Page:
The artists of the Bauhaus and the creators of the new city of Gdynia shared the idea of shaping everyday life in a way that would contribute to building a new, better society. This concept has not lost its actuality today, in a time of dynamic social change and the challenges accompanying it. During our workshop, we will scrutinize the Bauhaus concept of designing democratic space, test its relevance in today’s world, and finally attempt to bring it up to date taking into account local conditions. The aim of the workshop is to design elements of a mobile device/installation that will temporarily transform public space and express our postulates defined during the meeting.
David Crowley is professor of Visual Culture at the National College of Art and Design in Dublin. He has a special interest in modernism in art and design, often with a focus on the histories of Eastern Europe under communist rule. His books include Warsaw (2003), Socialism and Style. Material Culture in Post-war Eastern Europe (2000), Socialist Spaces. Sites of Everyday Life in the Eastern Bloc (2003) and Pleasures in Socialism: Leisure and Luxury in the Eastern Bloc (2010). Crowley also curates exhibitions including ‘Cold War Modern’ at the Victoria and Albert Museum in 2008–9 with Jane Pavitt, ‘Sounding the Body Electric. Experiments in Art and Music in Eastern Europe’ at Muzeum Sztuki, Łódź, 2012 and Calvert 22 / London, 2013 and ‘Notes from the Underground’ Muzeum Sztuki, Łódź, 2016 and Akademie der Künste, Berlin 2018 – both with Daniel Muzyczuk.
Real Existing Modernism c. 1981 – the Past, Present and Future of Polish Modernist Architecture
In 1981 a group of architects in Warsaw issued an ‘underground’ manifesto accusing their profession of acquiescing to illegitimate power in the People’s Republic of Poland. The ‘Warsaw Charter’was the boldest and most damning critique of modern architecture published anywhere and at any time in the Eastern Bloc.
In this talk, David Crowley will look back from the vantage point of 1981 to explore the manifesto’s critique of 20th century modernism. He will also look forward from this year, to reflect on the transformation of the cityscapes of Poland since the collapse of communist rule. In the age of hyper capitalism, the modern architecture of communist Poland appears today to be the subject of considerable nostalgia and sentiment – why should this be?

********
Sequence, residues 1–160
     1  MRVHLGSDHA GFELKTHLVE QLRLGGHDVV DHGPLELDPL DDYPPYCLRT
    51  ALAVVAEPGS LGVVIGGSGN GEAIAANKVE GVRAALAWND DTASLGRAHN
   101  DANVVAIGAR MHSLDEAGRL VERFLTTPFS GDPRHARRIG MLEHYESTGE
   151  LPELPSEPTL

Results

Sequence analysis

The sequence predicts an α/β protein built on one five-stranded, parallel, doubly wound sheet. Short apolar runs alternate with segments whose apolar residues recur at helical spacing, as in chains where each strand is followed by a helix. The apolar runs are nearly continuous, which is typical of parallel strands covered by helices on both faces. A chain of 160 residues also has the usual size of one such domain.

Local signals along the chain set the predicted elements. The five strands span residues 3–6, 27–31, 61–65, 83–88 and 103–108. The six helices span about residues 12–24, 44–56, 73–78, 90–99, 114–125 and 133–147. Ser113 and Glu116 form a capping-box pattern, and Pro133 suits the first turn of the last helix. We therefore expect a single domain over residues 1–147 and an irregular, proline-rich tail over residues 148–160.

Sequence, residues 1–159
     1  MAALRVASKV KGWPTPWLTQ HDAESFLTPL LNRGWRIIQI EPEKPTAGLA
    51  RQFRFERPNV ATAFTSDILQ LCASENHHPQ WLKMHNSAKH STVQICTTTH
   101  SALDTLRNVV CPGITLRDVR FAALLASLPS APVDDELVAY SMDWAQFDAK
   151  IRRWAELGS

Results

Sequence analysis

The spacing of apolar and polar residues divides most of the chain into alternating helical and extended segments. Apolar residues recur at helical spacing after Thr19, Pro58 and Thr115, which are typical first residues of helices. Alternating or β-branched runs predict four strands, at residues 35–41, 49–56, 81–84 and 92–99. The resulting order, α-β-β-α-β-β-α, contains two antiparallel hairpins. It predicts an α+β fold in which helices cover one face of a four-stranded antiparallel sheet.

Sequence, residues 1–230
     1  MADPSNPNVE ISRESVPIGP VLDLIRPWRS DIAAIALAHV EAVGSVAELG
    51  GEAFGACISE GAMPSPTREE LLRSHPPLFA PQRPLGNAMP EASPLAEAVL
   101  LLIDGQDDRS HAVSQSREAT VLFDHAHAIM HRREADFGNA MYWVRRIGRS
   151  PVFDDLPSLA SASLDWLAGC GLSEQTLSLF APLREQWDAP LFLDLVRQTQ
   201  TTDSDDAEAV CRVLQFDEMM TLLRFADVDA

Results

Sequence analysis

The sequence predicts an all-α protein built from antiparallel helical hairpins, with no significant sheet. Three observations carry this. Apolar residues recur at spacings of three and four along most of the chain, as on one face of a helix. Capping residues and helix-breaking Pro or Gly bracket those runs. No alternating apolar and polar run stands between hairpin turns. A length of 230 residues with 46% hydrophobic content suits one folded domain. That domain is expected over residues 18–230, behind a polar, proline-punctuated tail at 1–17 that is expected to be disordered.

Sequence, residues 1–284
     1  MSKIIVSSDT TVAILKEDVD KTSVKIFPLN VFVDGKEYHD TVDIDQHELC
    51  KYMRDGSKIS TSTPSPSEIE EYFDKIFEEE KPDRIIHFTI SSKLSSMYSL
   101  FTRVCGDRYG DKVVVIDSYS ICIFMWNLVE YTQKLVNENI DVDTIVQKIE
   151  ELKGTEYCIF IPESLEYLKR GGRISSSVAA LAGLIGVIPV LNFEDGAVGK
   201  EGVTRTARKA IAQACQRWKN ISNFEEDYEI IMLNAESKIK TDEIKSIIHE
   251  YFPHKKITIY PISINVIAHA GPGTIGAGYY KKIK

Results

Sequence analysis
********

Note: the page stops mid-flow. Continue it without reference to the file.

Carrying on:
Tomasz Fudala is an art historian and curator at the Museum of Modern Art in Warsaw. He is interested in architecture and the history of exhibitions, which was the subject to his project The Space Between Us. He is curator of the WARSAW UNDER CONSTRUCTION FESTIVAL (2009-2017), which is organized by the Museum of Modern Art in Warsaw and Museum of Warsaw and attempts to describe the character of Warsaw. His writings have appeared in Domus, Artforum, Odra, Obieg, CzasKultury, and Autoportret.
During this workshop we will explore the Cold War propaganda discourse on modernist architecture. By analyzing texts, documents, pop culture iconography and films we will be able to look at the largest investments not only from the angle of aesthetics, but also from the perspective of political history. We will examine exhibitions held in the 1950s as a form of the Cold War modern-life race, investigate the relations between residential architecture and the post-war visions of a “new man”, and also take a look at the concept of cities built from scratch and the types of urbanity that they created. Our most important question will be the following: How did governments communicate large-scale investments at various times during the Cold War? How was the social modernist project used to “sell” new ways of living? Where does the current interest in modernism stem from?
Dr. Jacek Friedrich is an art historian and the Director of the Gdynia City Museum. He currently works at the Institute of Art History at the University of Gdańsk. His research centers on modern visual culture, the history of architecture and design in the 20th century, and the reconstruction and protection of architectural landmarks.
He has authored a number of publications, including “Neue Stadt in altem Gewand. Der Wiederaufbau von Danzig 1945–1960”, Köln-Weimar-Wien 2010, and “Walka obrazów. Przedstawienia wobec idei w Wolnym Mieście Gdańsku”, Gdańsk 2018. Dr. Friedrich is also the initiator and co-author of the exhibition “Narodziny miasta. Gdyński modernizm w dwudziestoleciu międzywojennym” (Gdynia City Museum, Gdynia 2014).
Sharon Golan-Yaron is Program Director and co-founder of the White City Center in Tel Aviv, an urban hub based in the UNESCO heritage zone and operating in collaboration with the German Federal Ministry. She was trained as an architect at the Illinois Institute of Technology (IIT), Chicago and the Technical University (TU), Berlin, where she received her degree. She later specialized in Heritage Conservation, receiving her master’s degree from the Technion in Haifa. Since 2009, Golan-Yaron serves as a senior architect at the Conservation Department of the Tel Aviv-Yafo Municipality, specializing in buildings of the Modern Movement.